What is a copier technican?
A copier technician is a technician that repairs the copier. That sounds easy enough. A technician that repairs the copier. This sounds like a very simple trite little saying but it contains so much. Lets unpack or truly define the term copier technician. Wikipedia has an interesting definition. A technician is a worker in a field of technology who is proficient in the relevant skills and techniques, with a relatively practical understanding of the theoretical principles. Experienced technicians in a specific domain typically have intermediate understanding of theory and expert proficiency in technique. As such, technicians are generally much better versed in technique compared to average layman and even general professionals in that field of technology.”
Copier Technicians are also often referred to as field engineers. Here is a good working definition of that term. A field engineer is a professional who works at job sites other than the main company office or headquarters. This person often services clients at their homes or businesses. He or she may work in a variety of fields, and can be responsible for installing hardware, servicing a machine, or the maintenance and repair of already-installed products.
Expertise in the area of service, including a strong familiarity with the product, creativity, and problem-solving abilities are all good skills for a field engineer to develop. Since field engineers typically work directly with clients, it can be beneficial to have strong communication skills as well. Good fine motor skills and dexterity are often required.
Now what does that mean? It means this. The average copier technician can be considered as one having a practical knowledge of theoretical principles. This means that where as an average person can say there is a problem with the copier. A copier technician can define the problem. This also means that if an engineer can define the location of the problem then the copier technician can fix it.
What skills are required to be a copier technician?
If you are in high school and reading this then lets deal with the starting point of what will help you as a technician. Copier technicians are great puzzle solvers. This means any toys or games that involve solving puzzles is great help in developing the mental processes necessary to solve copier problems. Puzzles such as sodoku, jig saw puzzles and the like are good training for copier techs. Video games are also good training. Its also good to be mechanically inclined. that means you are the individual who would rather fix a computer problem than pay to have it done or cook a meal instead of buying it.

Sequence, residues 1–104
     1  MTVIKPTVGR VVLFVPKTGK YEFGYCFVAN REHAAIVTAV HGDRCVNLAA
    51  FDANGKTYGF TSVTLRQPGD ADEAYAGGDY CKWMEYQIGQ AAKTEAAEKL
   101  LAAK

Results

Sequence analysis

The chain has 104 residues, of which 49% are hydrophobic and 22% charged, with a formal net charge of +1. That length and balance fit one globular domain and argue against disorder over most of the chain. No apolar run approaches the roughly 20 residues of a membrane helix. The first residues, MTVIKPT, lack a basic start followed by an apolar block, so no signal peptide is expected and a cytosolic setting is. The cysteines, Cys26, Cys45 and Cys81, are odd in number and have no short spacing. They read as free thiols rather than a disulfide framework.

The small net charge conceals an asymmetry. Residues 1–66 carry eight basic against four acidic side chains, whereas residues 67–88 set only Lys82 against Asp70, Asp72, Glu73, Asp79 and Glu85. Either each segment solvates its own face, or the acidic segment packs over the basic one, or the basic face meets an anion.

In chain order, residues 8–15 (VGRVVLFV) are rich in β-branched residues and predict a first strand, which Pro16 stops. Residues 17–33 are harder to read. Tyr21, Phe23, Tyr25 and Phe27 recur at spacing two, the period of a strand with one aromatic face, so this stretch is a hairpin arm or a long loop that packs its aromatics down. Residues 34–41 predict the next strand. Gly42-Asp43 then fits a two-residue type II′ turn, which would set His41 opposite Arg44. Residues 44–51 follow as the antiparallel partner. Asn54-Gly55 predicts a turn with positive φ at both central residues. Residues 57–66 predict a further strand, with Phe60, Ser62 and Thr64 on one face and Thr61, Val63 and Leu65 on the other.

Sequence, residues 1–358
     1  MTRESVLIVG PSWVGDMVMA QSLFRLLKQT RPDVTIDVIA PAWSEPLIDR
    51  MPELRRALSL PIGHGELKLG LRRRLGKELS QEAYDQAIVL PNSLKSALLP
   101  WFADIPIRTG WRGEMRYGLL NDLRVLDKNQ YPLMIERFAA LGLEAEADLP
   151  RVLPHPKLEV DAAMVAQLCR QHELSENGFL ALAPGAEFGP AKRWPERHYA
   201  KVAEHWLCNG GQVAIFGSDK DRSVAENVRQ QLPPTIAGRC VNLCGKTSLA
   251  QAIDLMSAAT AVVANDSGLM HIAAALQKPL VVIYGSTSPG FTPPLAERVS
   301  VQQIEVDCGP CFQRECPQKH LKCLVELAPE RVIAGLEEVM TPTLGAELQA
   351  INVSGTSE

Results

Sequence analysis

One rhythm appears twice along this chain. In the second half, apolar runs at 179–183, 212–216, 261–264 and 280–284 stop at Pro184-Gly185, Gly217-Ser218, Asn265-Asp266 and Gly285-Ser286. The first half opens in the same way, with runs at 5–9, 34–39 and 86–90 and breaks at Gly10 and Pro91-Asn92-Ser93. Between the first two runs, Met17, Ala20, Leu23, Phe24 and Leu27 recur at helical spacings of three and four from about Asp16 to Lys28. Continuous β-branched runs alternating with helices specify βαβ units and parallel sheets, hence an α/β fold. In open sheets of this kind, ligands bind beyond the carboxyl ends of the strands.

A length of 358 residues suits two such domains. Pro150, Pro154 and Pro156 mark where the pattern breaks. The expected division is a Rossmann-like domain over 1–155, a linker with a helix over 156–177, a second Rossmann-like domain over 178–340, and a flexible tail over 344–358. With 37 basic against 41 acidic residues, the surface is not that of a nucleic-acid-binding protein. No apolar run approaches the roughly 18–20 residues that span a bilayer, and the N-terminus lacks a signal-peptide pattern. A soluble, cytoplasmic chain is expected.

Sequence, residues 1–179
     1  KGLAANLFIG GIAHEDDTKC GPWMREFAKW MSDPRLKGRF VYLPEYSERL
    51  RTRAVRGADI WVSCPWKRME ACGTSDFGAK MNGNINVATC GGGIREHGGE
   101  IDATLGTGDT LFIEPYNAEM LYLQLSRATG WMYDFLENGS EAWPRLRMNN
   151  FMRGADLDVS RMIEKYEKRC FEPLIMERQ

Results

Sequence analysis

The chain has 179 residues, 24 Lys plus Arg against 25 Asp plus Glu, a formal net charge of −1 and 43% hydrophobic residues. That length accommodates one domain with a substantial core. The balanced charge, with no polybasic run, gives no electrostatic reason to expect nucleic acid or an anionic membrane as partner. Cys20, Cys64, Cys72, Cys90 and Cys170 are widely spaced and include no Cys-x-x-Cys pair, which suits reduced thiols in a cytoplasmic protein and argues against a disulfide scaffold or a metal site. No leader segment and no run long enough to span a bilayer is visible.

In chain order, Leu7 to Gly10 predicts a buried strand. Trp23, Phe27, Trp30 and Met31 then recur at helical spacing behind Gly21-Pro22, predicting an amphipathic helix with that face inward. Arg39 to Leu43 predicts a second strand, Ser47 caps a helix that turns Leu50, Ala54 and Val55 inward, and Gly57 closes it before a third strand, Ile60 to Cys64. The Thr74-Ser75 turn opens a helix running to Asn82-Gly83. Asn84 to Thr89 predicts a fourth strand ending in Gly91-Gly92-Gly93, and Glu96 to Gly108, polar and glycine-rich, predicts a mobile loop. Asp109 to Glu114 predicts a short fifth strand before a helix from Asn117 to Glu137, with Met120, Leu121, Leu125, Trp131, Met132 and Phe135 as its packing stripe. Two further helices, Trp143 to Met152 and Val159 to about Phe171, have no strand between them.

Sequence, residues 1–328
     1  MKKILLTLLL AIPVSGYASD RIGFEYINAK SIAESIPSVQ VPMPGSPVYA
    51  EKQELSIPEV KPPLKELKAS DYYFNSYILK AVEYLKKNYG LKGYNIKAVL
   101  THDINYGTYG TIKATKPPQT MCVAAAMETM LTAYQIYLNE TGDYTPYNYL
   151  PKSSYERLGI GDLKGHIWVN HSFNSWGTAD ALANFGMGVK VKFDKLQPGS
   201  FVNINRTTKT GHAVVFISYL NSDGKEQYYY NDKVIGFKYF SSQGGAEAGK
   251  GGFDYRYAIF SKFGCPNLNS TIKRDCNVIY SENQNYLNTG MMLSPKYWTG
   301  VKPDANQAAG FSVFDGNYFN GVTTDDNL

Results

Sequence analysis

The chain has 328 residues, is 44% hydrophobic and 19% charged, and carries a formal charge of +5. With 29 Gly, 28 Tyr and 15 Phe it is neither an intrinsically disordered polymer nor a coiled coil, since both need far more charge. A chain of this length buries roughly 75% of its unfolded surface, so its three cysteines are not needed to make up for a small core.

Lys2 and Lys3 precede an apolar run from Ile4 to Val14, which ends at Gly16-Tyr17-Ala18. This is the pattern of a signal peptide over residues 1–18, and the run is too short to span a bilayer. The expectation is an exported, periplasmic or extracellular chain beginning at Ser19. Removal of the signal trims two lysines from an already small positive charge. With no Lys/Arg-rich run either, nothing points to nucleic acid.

Now what kind of degree is required. To be honest none really but most companies are looking for an A+. An A+ means that you understand how computers work and you are familiar enough with them that you have taken an industry standard test that proves it. There is also the comptia pdi+ This is a straight out basic copier training that says you know the basics. Its also good if you have network background. A comptia n+ certification would also be something good to have. Concerning manufacturer certifications and trainings from the manufacturer, these are generally provided by the dealer who employs you. If you get enough of these then you are generally very proficient at what you do and can really coast around from job to job but as with anything else you mileage will vary.
Learning Basic copier Theory.
If you have an old fax machine then you have enough to learn basic copier and printer theory and troubleshooting. Why? Well most fax comes with basic copying and printing capabilities and its a cheap way to learn.
1st. lets deal with paper path.
Paper is fed from the trays or the input section
it then travels by the drum where it receives an image and then it goes to the fuser where that image is burned in. the paper then exits the copier and is picked up by the end user.
lets say there is a paper jam.
your fist step is to find out where the paper is stopping.
once you know that then you have to see if its being blocked by a paperclip… a lose part or poor roller contact or a a broken gear.
next lets deal with image problems
in general the fax takes a picture of the image and then turns that image into electronic signals and then shoots them over to the drum where it is changes from a set of electronic signals into a text and images on paper.
lets start with lines on copies…
do an internal print like meter report or a status report. then do a copy job. if you see lines on the copies but not the prints then the part that takes the picture is bad or possibly dirty. if there are lines on the prints but not the copies then the issue is with the original or there is an internal memory problem. if there are lines on both then you might have a dirty camera or laser or fuser.
if the fax is making grinding noises there is a cracked or broken gear. if the fax is not turning on then check the switch the outlet it is plugged into… if fax still not turning on then test the power cable with a continuity test. if still not turning on then test the power supply… if still not turning on then goto the service manual
if service manual not useful then check the manufacturer service line
if manufacturer service line not helpful then check the tech forums
if tech forums not helpful then google the problem.
if parts are broken check the parts manual and order.
if unable to find parts then google the part and order.
How A Copier Works